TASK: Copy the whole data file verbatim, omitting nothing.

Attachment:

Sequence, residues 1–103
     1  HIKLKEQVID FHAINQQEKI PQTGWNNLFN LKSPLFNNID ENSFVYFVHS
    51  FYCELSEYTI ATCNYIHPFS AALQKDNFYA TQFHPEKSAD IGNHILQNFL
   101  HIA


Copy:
Sequence, residues 1–103
     1  HIKLKEQVID FHAINQQEKI PQTGWNNLFN LKSPLFNNID ENSFVYFVHS
    51  FYCELSEYTI ATCNYIHPFS AALQKDNFYA TQFHPEKSAD IGNHILQNFL
   101  HIA